Friday, 29 May 2009

Bigamy shock of candidate

A Conservative candidate in next week's East Sussex County Council elections has been found to be a former bigamist.

The Eastbourne Herald has uncovered documents showing Reg Jenkins, who is standing for the Conservatives in Devonshire, married his current wife, Huang Qi, in Shanghai, China, in February 1992 while he was still married to his first wife, Eleanor.

Although Reg and Eleanor, who were married in May 1966, started divorce proceedings in October 1991, their divorce was not made absolute until September 2000.

Under law, Mr Jenkins committed bigamy when he married Huang Qi and until the decree absolute he was married to two women, which is an offence under Section 57 of the Offences Against the Person Act 1861 and carries a maximum prison sentence on conviction of seven years.

Mr Jenkins, 66, who runs a guest house in Cambridge Road, said yesterday he did not think he had done anything wrong. His 47-year-old wife is reportedly on holiday in China.

In a statement issued through the Eastbourne Conservative Association, Mr Jenkins admitted he may have made an 'error of judgement'.

The Eastbourne Herald has seen a copy of Reg and Eleanor's decree nisi, which was granted on October 31, 1991 after Eleanor filed for divorce on the grounds of her husband's adultery with an unknown person.

The document makes it clear it is not the final divorce decree and warns that an application for a decree absolute must be made to the court. On February 21, 1992 in Shanghai a marriage certificate was issued to Mr Jenkins, a British national, and Huang Qi, a Chinese national.

Mr Jenkins said in the statement,
"On October 31, 1991 a decree nisi was granted at Eastbourne County Court between myself and my first wife which stated that our marriage be dissolved 'unless sufficient cause be shown to the court within six weeks from the making thereof why the said decree should not be made absolute'.

"Such cause did not materialise – nor did I expect it to materialise. My first wife was not going to do anything to prevent the divorce as she had brought the claim. I was living in China and had no reason to fight the divorce.

"As a result, six weeks plus one day after October 31, 1999, my understanding was that the decree absolute was deemed to have been issued.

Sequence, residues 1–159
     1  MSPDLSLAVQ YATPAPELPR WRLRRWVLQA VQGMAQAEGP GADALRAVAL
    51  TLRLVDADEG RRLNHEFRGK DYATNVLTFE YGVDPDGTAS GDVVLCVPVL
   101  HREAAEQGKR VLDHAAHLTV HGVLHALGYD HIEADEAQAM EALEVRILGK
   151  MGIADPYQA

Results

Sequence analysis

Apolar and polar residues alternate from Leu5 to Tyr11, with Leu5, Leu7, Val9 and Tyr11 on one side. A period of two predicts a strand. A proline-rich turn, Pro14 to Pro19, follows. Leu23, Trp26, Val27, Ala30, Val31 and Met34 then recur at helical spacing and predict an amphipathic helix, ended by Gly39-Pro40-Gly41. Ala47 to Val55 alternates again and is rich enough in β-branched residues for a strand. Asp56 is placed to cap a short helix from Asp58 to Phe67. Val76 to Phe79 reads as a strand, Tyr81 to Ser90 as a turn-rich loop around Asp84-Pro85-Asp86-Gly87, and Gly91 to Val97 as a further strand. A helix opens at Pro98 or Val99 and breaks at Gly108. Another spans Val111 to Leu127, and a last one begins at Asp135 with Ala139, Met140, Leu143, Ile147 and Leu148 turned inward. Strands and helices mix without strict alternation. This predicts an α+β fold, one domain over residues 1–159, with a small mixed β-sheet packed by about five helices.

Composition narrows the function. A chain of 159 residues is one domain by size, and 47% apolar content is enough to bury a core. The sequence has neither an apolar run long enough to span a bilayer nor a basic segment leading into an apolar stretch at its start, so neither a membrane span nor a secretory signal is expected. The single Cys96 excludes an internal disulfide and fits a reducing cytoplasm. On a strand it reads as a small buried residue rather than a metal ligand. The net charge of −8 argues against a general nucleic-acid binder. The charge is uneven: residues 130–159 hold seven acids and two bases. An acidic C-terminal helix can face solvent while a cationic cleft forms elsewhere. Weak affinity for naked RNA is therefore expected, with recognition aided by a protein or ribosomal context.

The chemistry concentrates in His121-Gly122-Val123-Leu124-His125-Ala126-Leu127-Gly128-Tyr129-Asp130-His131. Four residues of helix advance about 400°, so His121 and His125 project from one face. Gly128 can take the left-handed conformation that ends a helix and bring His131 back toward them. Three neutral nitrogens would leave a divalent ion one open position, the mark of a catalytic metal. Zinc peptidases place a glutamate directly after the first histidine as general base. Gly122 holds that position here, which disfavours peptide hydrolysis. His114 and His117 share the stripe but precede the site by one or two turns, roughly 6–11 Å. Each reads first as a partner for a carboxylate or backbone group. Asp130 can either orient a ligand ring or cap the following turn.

"I had never been divorced before or since. I am not a lawyer. I assumed – and that may have been an error of judgement – that once the six weeks had elapsed the divorce was final.

"This belief was later supported by my experience at the British embassy in Shanghai. The embassy recognised my divorce as being final and absolute, as well as recognising my subsequent marriage to my second wife.

"This recognition was illustrated by their issuing a visa granting my second wife 'indefinite leave to remain in the UK' as a result of our marriage.

"It would be incredible for a British embassy to recognise a second marriage and grant that type of visa while I was still married to my first wife.

"As far as I am concerned, at no time was I married to more than one person. I married my second wife after divorcing my first wife. This fact was recognised by the British Embassy in Shanghai. The technicality, the rubberstamping of the decree absolute which took place on September 7 2000, was a much belated technical recognition of my divorce of 1991 which preceded my marriage to my second wife in 1992 by over two months."

As the Eastbourne Herald went to press on Thursday morning a solicitor representing Mr Jenkins said he would be going to court in an attempt obtain an injunction banning the paper from publishing this story.

Asked if the Eastbourne Conservative Association was still supporting Mr Jenkins, who is hoping to win a Conservative seat on East Sussex County Council in next Thursday's elections, a spokeswoman said it was.

She added,
"He is a fantastic candidate and is working hard and supporting the residents in the ward where he lives."

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